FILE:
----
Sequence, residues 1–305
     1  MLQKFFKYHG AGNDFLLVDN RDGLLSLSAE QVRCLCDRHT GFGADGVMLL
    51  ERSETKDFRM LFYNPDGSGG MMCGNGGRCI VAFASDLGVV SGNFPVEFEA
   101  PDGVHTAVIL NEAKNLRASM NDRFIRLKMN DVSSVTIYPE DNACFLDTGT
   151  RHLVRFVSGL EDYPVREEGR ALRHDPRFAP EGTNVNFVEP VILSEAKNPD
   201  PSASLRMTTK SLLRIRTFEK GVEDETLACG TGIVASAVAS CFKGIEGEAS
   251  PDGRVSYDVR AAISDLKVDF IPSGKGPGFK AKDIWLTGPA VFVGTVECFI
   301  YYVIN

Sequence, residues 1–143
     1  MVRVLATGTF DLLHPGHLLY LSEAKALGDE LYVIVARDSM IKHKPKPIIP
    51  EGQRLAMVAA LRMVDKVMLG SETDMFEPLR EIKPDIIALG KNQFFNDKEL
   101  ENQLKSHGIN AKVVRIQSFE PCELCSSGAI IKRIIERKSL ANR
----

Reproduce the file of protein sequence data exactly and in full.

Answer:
Sequence, residues 1–305
     1  MLQKFFKYHG AGNDFLLVDN RDGLLSLSAE QVRCLCDRHT GFGADGVMLL
    51  ERSETKDFRM LFYNPDGSGG MMCGNGGRCI VAFASDLGVV SGNFPVEFEA
   101  PDGVHTAVIL NEAKNLRASM NDRFIRLKMN DVSSVTIYPE DNACFLDTGT
   151  RHLVRFVSGL EDYPVREEGR ALRHDPRFAP EGTNVNFVEP VILSEAKNPD
   201  PSASLRMTTK SLLRIRTFEK GVEDETLACG TGIVASAVAS CFKGIEGEAS
   251  PDGRVSYDVR AAISDLKVDF IPSGKGPGFK AKDIWLTGPA VFVGTVECFI
   301  YYVIN

Sequence, residues 1–143
     1  MVRVLATGTF DLLHPGHLLY LSEAKALGDE LYVIVARDSM IKHKPKPIIP
    51  EGQRLAMVAA LRMVDKVMLG SETDMFEPLR EIKPDIIALG KNQFFNDKEL
   101  ENQLKSHGIN AKVVRIQSFE PCELCSSGAI IKRIIERKSL ANR